I recently worked with a few Japanese and US-based manufacturing companies to help establish new facilities in China, taking advantage of their still relatively low labor costs and exploding domestic market.
There are several potential pitfalls that can wipe out any expected benefits of expanding into China if you are not careful. Here are three points I observed that are critical to consider in order to make your investment worthwhile.
- Manage Cash Flow
It is not uncommon to hear the head of operations state “where has all the cash gone?” When building a new facility, the business operation typically undergoes a period of sustained ramp-up where more focus is applied to getting product “out the door”, instead of focusing on continuous improvement or cash flow. There are 3 major reasons on why cash flow can be more of a problem with the Chinese operations.
- Longer payment terms are typical – when compared to terms from other countries. For example, most European countries have average payment terms in the range of 30-80 days; it is not uncommon in China for payment terms to stretch out to 120 days or more, especially if you are selling to Chinese OEMs.
- Export-oriented manufacturing management practices – China is on the verge of shifting from an export-centric economy to one that is powered more by internal demand. Most operations managers come from a manufacturing environment that has been driven primarily by container-based purchases by overseas customers together with volume discounts by local suppliers. Batch-and-queue environments encourage management practices that can result in a lot of waste when compared to a more domestically-oriented demand driven supply chain.
- A lack of understanding about Lean manufacturing – Few managers understand how Lean manufacturing relates to their management challenges, especially when production issues have been addressed in the past through a continuous supply of low cost labor and ample factory space for expansion. Most attention was applied to more visible parameters, such as labor rates and material costs; few are trained to look at invisible waste, such as WIP or other non-value-added activities. As an example, I recently worked with a Japanese automobile component supplier to reduce their production batch size for their China operations to about 10% of the level of their Japanese plant’s operations in order to free up cash flow.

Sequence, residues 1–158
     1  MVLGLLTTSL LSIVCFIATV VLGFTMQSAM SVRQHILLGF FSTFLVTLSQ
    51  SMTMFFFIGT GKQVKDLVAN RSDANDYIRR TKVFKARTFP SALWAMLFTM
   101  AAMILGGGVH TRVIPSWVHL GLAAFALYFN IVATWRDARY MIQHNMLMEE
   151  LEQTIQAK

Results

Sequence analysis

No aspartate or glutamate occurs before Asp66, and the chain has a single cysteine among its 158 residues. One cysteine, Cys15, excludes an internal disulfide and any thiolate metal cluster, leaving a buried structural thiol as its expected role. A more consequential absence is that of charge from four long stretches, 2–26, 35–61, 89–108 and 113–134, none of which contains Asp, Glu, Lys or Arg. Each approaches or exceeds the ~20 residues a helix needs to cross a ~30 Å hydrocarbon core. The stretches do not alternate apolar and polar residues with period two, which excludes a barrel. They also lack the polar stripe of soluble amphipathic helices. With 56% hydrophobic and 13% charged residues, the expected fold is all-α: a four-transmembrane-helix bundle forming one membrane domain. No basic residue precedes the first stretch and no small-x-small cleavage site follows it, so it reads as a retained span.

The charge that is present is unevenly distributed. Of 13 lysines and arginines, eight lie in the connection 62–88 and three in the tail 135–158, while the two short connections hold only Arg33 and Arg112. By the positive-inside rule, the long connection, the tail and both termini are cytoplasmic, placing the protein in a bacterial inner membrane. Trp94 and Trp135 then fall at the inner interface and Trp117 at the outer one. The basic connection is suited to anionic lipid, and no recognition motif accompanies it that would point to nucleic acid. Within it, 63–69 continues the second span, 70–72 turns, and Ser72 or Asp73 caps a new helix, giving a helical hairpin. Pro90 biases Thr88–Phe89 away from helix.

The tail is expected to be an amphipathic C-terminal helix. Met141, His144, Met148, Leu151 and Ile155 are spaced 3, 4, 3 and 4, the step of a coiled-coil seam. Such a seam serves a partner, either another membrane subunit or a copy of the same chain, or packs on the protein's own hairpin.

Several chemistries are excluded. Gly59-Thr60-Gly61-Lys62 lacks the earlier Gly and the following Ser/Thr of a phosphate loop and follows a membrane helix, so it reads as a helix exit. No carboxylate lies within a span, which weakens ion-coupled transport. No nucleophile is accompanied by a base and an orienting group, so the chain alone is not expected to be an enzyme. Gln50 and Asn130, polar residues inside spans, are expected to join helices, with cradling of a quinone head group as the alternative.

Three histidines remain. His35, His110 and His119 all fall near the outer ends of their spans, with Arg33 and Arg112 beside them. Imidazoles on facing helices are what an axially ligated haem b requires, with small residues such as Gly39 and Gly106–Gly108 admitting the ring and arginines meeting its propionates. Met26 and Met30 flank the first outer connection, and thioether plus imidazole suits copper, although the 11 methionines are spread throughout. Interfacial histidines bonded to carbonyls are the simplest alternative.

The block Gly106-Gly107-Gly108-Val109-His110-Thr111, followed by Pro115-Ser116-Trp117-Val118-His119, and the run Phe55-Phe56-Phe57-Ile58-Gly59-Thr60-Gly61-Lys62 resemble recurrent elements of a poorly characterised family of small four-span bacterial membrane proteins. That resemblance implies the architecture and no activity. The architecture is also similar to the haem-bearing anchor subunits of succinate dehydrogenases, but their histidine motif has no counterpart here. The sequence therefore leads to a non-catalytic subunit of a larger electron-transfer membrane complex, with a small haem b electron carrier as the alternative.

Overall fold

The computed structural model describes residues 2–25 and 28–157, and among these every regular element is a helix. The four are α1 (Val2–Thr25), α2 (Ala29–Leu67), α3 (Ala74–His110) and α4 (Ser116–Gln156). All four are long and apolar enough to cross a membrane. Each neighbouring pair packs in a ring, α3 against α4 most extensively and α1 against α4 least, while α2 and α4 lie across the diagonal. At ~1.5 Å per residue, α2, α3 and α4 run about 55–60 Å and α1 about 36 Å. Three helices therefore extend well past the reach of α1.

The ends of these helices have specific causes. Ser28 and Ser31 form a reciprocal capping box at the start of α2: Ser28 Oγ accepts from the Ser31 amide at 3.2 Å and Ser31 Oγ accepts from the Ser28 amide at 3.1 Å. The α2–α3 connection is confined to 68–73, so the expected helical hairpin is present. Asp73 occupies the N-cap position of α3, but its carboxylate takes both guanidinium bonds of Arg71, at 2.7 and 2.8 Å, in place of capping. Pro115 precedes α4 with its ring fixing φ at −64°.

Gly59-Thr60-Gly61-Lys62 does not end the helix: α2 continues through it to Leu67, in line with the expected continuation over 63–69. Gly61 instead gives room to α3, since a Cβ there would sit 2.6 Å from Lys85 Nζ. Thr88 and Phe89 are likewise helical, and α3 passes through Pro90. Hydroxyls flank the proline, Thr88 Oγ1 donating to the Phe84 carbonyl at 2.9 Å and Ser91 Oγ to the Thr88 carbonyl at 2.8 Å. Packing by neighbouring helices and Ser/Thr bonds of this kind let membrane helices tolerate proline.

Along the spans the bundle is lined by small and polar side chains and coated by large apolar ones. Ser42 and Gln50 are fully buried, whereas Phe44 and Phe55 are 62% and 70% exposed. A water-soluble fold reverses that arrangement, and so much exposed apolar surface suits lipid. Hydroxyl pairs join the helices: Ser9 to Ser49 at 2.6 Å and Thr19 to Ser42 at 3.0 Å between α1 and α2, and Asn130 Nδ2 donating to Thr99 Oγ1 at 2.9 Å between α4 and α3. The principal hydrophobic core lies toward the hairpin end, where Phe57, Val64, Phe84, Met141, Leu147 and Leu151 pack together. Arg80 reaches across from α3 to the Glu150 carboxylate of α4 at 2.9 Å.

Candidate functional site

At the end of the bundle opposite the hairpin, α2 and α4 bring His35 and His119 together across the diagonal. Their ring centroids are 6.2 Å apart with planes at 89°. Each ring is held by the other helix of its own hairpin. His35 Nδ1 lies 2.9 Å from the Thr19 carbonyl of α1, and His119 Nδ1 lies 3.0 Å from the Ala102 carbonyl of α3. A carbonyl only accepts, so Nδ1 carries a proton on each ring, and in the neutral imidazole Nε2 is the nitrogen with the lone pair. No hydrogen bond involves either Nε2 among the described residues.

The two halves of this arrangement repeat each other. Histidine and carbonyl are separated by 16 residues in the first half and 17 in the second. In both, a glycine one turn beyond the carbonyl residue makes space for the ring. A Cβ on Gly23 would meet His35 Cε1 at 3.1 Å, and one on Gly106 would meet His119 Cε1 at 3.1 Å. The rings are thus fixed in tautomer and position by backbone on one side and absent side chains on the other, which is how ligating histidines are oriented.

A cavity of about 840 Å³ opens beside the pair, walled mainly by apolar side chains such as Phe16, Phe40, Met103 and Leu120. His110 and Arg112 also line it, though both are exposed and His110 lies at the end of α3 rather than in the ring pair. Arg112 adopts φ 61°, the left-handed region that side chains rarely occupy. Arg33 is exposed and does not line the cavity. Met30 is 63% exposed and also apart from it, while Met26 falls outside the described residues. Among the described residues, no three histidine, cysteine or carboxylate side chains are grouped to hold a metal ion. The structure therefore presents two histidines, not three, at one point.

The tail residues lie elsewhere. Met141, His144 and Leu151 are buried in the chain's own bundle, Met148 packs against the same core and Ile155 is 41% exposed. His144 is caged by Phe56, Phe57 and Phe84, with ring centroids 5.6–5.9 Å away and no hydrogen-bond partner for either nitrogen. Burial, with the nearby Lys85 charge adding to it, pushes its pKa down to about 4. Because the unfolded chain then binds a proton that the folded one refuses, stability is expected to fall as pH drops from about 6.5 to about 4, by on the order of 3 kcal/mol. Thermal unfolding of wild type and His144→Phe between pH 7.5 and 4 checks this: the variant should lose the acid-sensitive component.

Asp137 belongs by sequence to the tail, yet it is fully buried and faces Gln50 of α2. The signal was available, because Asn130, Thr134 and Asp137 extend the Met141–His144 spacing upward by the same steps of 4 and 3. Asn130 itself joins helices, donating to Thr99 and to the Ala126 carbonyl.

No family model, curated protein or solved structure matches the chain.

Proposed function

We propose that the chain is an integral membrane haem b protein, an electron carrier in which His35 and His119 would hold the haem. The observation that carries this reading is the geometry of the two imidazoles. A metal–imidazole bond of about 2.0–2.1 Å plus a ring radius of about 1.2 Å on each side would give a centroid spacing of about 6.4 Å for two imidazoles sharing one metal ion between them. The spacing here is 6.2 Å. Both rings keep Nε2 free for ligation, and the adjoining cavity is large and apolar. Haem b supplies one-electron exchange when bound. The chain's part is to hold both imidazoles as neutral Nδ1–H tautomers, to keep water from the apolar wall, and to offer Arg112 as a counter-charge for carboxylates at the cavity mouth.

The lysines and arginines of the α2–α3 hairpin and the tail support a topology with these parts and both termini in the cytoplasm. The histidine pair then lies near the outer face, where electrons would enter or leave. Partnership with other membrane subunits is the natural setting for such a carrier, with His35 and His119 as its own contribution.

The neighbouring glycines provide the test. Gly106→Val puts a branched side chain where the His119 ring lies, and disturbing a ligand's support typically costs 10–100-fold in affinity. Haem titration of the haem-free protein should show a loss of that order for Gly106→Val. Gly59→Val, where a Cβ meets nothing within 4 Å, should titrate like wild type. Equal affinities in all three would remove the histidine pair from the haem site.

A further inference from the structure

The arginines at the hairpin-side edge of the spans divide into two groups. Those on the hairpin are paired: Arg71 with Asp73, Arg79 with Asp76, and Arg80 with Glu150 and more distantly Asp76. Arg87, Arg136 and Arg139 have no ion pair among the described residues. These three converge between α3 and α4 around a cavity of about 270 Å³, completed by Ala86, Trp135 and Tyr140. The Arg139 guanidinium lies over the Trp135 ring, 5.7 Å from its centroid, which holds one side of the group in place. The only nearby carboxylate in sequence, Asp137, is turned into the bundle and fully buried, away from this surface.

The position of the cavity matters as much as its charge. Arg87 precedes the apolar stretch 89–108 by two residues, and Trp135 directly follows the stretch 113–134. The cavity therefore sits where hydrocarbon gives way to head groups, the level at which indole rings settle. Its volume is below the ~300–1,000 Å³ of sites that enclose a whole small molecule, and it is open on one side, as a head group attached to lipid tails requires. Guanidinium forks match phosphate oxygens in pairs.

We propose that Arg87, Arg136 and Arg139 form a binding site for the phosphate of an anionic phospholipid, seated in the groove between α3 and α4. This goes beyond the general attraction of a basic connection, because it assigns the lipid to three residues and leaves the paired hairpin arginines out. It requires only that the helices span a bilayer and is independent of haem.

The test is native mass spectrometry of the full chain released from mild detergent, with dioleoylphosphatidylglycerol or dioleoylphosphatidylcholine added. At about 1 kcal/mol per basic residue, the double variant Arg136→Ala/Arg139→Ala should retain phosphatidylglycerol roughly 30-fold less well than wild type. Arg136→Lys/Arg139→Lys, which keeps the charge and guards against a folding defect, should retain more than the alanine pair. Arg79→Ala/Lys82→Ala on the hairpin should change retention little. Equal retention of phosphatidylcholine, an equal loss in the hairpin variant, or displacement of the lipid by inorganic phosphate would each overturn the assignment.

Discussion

- Prepare for High Employee Turnover
Chinese managers typically don’t stay on the same job for more than three years. New operations managers can often acquire sufficient experience to double their paycheck within a year by simply switching employers. Under this environment, it is important to implement proper labor management practices as well as to standardize operational processes, in order to minimize the time required to train new employees.
- Watch Asset / Equipment Utilization Closely
The Chinese tend to over-rely on automation, believing it is the only way to address rising wages and quality issues. As pointed out by this recent NY Times article: “China is expected to pass South Korea and Japan to become the largest robot market next year, according to a forecast from the robotics federation. Units in operation worldwide are expected to top 1.3 million by 2014.” In an environment of high employee turn-over, it is especially important to watch how asset and equipment are being utilized, because capital investment decisions could be made by managers who will no longer be accountable. As an example, I visited a greenfield factory where bottle-necked machines contributed to an OEE of less than 40%; the same operations in other countries would have been at 60% or more. The plant manager did not see this improvement task as a priority – they were preoccupied with adding machines to meet the increased volume forecast over the next five years.
Key Learning: Leverage your Best Processes and Systems
Most manufacturers tend to focus on equipment and people when building a new plant, leaving the processes (and hence the IT systems that enable the processes) as an after-thought. This approach is particularly risky when comes to rolling out new manufacturing operations in China. A lack of standardized IT systems that provide clear visibility into operations can exacerbate the challenges of effectively managing cash-flow, employee turnover and asset utilization. Putting an initial effort to transfer best-practice processes and IT systems from the onset of planning a new plant can greatly help to ensure not only a successful launch of your new facility, but also can help to infiltrate a culture of sustained, dynamic growth in the Chinese market for many years to come.